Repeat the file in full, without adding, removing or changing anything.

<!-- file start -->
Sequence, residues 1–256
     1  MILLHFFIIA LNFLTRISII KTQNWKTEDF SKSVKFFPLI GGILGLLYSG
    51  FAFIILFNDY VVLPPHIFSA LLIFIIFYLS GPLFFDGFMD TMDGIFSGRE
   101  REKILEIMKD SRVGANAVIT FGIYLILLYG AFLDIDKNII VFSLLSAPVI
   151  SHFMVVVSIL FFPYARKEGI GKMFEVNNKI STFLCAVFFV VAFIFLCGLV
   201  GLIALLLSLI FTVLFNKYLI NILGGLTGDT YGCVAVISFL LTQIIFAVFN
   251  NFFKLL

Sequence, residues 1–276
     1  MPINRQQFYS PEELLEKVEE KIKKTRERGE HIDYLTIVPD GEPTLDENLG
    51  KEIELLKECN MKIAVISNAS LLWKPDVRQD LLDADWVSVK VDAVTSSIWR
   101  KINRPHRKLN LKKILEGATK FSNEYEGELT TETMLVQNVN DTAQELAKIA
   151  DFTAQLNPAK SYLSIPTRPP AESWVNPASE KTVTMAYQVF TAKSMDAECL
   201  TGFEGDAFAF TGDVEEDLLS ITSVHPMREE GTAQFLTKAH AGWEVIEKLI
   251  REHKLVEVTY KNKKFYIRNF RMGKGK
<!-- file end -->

Sequence, residues 1–256
     1  MILLHFFIIA LNFLTRISII KTQNWKTEDF SKSVKFFPLI GGILGLLYSG
    51  FAFIILFNDY VVLPPHIFSA LLIFIIFYLS GPLFFDGFMD TMDGIFSGRE
   101  REKILEIMKD SRVGANAVIT FGIYLILLYG AFLDIDKNII VFSLLSAPVI
   151  SHFMVVVSIL FFPYARKEGI GKMFEVNNKI STFLCAVFFV VAFIFLCGLV
   201  GLIALLLSLI FTVLFNKYLI NILGGLTGDT YGCVAVISFL LTQIIFAVFN
   251  NFFKLL

Sequence, residues 1–276
     1  MPINRQQFYS PEELLEKVEE KIKKTRERGE HIDYLTIVPD GEPTLDENLG
    51  KEIELLKECN MKIAVISNAS LLWKPDVRQD LLDADWVSVK VDAVTSSIWR
   101  KINRPHRKLN LKKILEGATK FSNEYEGELT TETMLVQNVN DTAQELAKIA
   151  DFTAQLNPAK SYLSIPTRPP AESWVNPASE KTVTMAYQVF TAKSMDAECL
   201  TGFEGDAFAF TGDVEEDLLS ITSVHPMREE GTAQFLTKAH AGWEVIEKLI
   251  REHKLVEVTY KNKKFYIRNF RMGKGK